logo

The History of Print

the-history-of-print-1

The history of print goes back to the time of Mesopotamian civilisation before 3000 BCE where round cylinder seals were used to imprint the images on the clay tablets. In other parts of the world, especially China and Egypt, wooden blocks were used to print on silk and some earlier designs were composed of floral printing in three different colours. The Harappan civilisation in the Indus Valley (currently located in Pakistan) were the first ones to use the modern techniques of printing involving printing plates during the 2000 BC. One of the plates bears 34 characters which is known to be the longest inscription done during the early periods.

Early printed books

In the 2nd century a Chinese man, Ts’ai Lun invented paper by using the inner barks of the mulberry tree and bamboo fibres. This secret of paper production was revealed to the Muslim world in the 8th century during the Battle of Talas near Samarkand where a number of Chinese paper makers were taken prisoners.

A copy of the Chinese version of Diamond Sutra is known to be one of the earliest samples of a printed book. This book was made using a relief printing technique in which words and images are carved onto a block of wood. The wood block was then inked and pressed against the paper surface.

Clay

The 10th Century marks the invention of a finer sheet of paper by an Arab who replaced linen for wood and bamboo.
The first movable type printing was invented by a Chinese man, Pi- Sheng in the 11th century who developed characters from hard clay. This was a huge success in the print technology due to the use of soft material.

Paper-making reached Europe in the late 12th century. It is known that Johannes Gutenberg was the first one to develop the movable type printing technology in Europe. One of Gutenberg’s greatest achievements is in fact the invention of the printing press which requires a steady downward pressure for the printing process. Gutenberg also applied his goldsmith skill in the creation of different moulds for characters and developing the alloys in which to cast them. In 1444 Gutenberg opened his first printing shop. “Poems of the last judgment and “Calendar for 1448” are among his first publication from his printing press. Gutenberg also manufactured an oil-based ink which was considered more durable than the standard water-based inks.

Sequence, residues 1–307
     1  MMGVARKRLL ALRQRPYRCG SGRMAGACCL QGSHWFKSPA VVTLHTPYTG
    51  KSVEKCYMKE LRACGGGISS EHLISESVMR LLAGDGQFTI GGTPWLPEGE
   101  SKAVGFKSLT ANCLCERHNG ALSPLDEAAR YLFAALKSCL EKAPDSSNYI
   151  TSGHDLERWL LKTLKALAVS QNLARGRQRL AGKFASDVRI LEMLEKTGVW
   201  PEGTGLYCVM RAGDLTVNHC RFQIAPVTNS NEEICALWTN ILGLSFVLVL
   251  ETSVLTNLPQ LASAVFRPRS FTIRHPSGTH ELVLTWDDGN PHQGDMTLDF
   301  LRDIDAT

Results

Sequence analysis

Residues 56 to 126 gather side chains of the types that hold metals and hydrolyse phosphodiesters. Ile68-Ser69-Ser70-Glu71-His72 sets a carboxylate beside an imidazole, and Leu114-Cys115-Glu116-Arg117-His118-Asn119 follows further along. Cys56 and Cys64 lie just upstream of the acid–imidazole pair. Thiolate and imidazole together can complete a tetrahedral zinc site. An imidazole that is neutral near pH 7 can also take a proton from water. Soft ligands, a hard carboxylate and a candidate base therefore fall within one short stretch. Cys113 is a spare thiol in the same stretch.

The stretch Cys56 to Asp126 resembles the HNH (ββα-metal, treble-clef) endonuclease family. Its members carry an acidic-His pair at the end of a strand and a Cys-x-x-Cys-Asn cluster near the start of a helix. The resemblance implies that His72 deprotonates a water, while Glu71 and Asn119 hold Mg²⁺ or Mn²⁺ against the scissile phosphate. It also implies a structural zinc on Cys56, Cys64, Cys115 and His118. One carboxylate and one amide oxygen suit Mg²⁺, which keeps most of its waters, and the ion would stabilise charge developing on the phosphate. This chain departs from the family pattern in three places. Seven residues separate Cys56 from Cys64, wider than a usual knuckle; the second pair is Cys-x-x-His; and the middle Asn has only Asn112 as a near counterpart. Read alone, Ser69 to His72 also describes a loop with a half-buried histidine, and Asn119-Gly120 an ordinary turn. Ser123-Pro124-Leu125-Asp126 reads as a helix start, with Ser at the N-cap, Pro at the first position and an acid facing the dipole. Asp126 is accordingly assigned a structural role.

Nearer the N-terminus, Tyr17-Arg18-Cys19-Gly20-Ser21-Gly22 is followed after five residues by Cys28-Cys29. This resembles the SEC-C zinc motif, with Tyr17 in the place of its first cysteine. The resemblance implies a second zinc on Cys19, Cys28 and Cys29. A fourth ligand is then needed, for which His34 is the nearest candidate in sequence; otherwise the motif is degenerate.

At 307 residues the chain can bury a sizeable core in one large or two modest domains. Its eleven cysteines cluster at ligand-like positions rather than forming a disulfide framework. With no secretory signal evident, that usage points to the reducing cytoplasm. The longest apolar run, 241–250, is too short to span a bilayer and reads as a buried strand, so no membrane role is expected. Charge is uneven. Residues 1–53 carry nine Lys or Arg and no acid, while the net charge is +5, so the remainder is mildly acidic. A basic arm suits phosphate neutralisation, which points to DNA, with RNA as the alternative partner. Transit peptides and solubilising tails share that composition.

Thus Gutenberg revolutionised the system of communication and book production through his ingenious efforts in the print industry.

Copper

In 1461 the first illustrated book “Edelstein” was printed by Albrecht Pfiste which featured a number of different woodcuts.
The year 1465 marked the invention of dry point engravings by a German artist. In this technique an image is incised on a copper plate using a sharp pointed metal. The first book is known to be printed in Rome by Ulrich Haan in 1467.

In 1476, William Cauxton set up the first printing press in England. Cauxton was also the first English retailer of printed books.

In 1502, Aldus Manutius was the first printer to print small portable sized books which could easily be carried anywhere unlike the books at those times which were quite bulky and large. He was also the first one to use Italic font in his books which was designed by Francescop Griffo.

Cylinder press

The first American paper mill was established in 1690. In 1812 Friedrich Gottlob Koenig and Andreas Friedrich Bauer invented the first cylinder press which was much faster than the existing flatbed press. Their first customer was John Walters of The Times. The first Time issue printed by this new printing machine was published in 1814. The machine was known to print 1100 sheets per hour which was lightening speed back then!

Rotary Printing

The printing process was further speed up by the invention of rotary printing press by Richard Mark Hoe in 1843. In this printing process the impressions are carved around cylinder so as to print long continuous sheets of paper, cardboard and even plastic.

We’ll be carrying on this timeline so watch this space.

Strict Media

Comments are closed.